Flavor and discovery are just two key ingredients in Ted Allen’s new cookbook.
“In My Kitchen” is collection of recipes that Allen has been cooking in his own kitchen. “It’s about flavor. It’s very diverse. It’s got Mexican, Thai, French, spaghetti and meatballs, turkey burgers, some stuff that is ambitious like lamb stew – for people that love to cook,” said Allen. “Every recipe contains a discovery.”
Allen hosts “Chopped”, a cooking competition show on The Food Network featuring four rising chefs in a timed race to create a three-course meal from mystery items. One chef is “chopped” by a panel of three judges each episode and in the end one becomes the winner. As someone who loves to cook, Allen designed his book for people that enjoy rolling up their sleeves and getting their hands dirty in the kitchen. “I get irritated if I can’t cook for a couple of days. I’ve always liked cooking, but I’ve turned the corner now. Instead of using recipes, I go to the store and see what looks yummy.” He advises home chefs to taste constantly and ask – what else does this need?
Allen debuted his second cookbook in Carmel as guest speaker at the Carmel Clay Public Library Crème de la Carmel fundraiser. Attendees were treated to samples of his recipes and appropriate wine to complement the meal. “Mom has been harassing me for years to do an event for the library. She is an avid customer.”
Like most children, Allen got the first taste of cooking from his mother who always encouraged her children to cook, “I think Mom just wanted to get out of the kitchen,” said Allen with a chuckle. “You know you raise these kids for 10 to 12 years and you get work out of them for them for six years. So, you get what you can before they go off to college.” According to Allen, his mom is famous for her BBQ pork chops and shared that as a kid he hated lima beans. “My dad used to force me to eat them. I’d pop one in my mouth and chase it with water so I wouldn’t have to taste it.”
A 1983 graduate of Carmel High School, he does not get back to Carmel very often. When he does visit he is usually at his mom’s house enjoying her meals, but is excited about the variety of unique restaurants and places to purchase fresh foods. “I hear great things about Joe’s Meat Market,” said Allen. “The butcher is back. Thank God! And the flavor is worth it.” Recently, he was inducted into the Carmel High School Alumni Hall of Fame. “I had a tour of the school and it was utterly unrecognizable and beautiful. I was very pleased to see that one thing still looked the same – the basketball arena.”
After graduating from Purdue University, Allen headed to Chicago to write about food and wine for various publications and is currently a contributing writer to Esquire magazine. In 2003, Allen got his first break into television when he attended a callout in New York City at the then small Bravo cable network. “A friend told me about this audition and I arrived in this sweltering hot room with 500 other men.” Allen was cast as the food and wine specialist, along with four other individually talented men, for “Queer Eye for the Straight Guy”. The show was based on the premise that gay men are more stylish than straight guys. The “Fab Five” were challenged to take a messy guy and help him clean up his act.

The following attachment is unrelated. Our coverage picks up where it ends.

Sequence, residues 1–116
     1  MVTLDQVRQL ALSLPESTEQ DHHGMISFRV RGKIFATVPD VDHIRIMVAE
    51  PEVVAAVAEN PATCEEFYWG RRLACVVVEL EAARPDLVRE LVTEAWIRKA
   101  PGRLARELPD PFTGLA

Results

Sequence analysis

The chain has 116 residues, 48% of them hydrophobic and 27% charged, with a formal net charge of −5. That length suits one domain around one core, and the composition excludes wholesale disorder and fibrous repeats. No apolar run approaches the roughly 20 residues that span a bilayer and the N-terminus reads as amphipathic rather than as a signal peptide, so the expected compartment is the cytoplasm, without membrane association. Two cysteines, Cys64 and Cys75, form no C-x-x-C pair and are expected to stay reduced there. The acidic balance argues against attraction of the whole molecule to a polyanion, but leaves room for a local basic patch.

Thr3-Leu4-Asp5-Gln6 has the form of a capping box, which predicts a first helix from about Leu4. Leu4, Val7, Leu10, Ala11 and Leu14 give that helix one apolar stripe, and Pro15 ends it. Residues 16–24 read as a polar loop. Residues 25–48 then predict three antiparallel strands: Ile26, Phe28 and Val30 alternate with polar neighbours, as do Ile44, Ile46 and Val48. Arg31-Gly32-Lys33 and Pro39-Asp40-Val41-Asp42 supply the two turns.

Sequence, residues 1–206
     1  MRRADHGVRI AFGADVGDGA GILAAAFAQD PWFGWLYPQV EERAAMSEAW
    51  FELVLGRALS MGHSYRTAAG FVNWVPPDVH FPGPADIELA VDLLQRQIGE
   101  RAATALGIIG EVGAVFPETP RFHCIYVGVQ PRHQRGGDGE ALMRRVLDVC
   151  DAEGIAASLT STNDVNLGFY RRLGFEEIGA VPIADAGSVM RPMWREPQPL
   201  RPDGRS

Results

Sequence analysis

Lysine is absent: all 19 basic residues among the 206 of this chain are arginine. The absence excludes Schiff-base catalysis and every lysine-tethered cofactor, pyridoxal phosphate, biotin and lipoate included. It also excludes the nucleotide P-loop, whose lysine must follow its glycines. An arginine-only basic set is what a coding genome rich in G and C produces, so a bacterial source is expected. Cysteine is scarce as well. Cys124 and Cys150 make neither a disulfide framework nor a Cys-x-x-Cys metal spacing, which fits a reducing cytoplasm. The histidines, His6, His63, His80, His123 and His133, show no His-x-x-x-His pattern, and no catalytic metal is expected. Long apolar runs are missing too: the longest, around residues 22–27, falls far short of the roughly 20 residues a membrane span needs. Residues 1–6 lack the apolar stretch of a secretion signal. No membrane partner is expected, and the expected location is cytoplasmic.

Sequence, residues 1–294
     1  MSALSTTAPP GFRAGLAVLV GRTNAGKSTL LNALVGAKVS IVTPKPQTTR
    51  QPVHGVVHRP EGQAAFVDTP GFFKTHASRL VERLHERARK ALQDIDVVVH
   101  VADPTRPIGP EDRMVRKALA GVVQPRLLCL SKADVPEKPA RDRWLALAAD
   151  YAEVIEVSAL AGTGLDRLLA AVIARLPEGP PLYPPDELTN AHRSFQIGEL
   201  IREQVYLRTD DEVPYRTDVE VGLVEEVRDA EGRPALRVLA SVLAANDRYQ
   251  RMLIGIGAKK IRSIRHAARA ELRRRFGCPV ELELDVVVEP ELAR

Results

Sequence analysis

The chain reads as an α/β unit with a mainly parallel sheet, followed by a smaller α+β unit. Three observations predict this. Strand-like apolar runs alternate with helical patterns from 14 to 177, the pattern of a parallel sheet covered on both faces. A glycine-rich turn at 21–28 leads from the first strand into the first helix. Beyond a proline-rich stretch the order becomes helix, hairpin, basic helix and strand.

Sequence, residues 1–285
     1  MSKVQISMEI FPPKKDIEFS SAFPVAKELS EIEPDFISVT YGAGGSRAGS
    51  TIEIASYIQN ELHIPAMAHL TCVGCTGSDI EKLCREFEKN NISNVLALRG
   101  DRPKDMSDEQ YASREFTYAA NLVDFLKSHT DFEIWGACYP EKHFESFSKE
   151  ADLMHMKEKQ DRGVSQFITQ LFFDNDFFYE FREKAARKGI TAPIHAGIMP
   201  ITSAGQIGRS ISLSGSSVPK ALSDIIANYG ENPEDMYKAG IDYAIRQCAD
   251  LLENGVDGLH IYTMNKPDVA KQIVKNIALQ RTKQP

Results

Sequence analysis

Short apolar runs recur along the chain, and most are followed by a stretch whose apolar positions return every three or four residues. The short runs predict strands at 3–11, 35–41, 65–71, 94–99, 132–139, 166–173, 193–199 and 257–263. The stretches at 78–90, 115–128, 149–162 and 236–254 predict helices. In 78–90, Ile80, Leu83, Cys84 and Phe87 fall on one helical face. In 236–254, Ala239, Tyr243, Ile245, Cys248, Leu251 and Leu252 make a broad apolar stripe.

He attributes part of the success of the show to Carson and Tom and their comic relief. “The five of us clicked so nicely. Makeover shows were somewhat new and this was the first show to have five openly gay guys,” said Allen. “It was profound. The best episodes were when you could tell the guy was uncomfortable with us at the beginning. As the show progressed he realized we were there to help.”
After 99 episodes, “Queer Eye” ended and Allen transitioned to “Top Chef” and “Iron Chef”, foodie shows that kept him on TV. “It’s very exciting to do TV. You reach a very large audience and get paid well.” Now, he hosts “Chopped” and recently won the James Beard Media Award. “We try very hard to get women chefs. It’s a very male dominated career and a very difficult career path,” said Allen. “Casting for the show is very difficult. We don’t know what their stories are until they happen.”
According to Allen, chefs are ideal friends, “If you don’t have a chef friend, you’d better get one. They are among the most generous people I’ve ever been around.”
Allen’s days on “Chopped” are long, often running 12 hours. Ten cameras shoot tape for nine hours to get all of the necessary angles and action. When he does have downtime, you can find him in his state-of-the-art kitchen.
“If I have a Sunday afternoon free, I crank up the stereo, open a bottle of wine, invite all of my friends over and we cook. That’s what we love to do,” said Allen. “You can live 200 lifetimes and you can’t taste all the deliciousness in the world, but you can have fun trying.”
More about Ted Allen: http://www.tedallen.net
To order a Cookbook: http://www.tedallen.net/in_my_kitchen.html
Ted’s Advice on pasta prep:
Salt water generously
Bring water to a rolling boil
Salt changes the chemistry of the water.
It should taste as salty as chicken soup.
Never rinse pasta. Never.
You want the starch on the outside of the pasta
The starch allows sauce to stick to the noodles.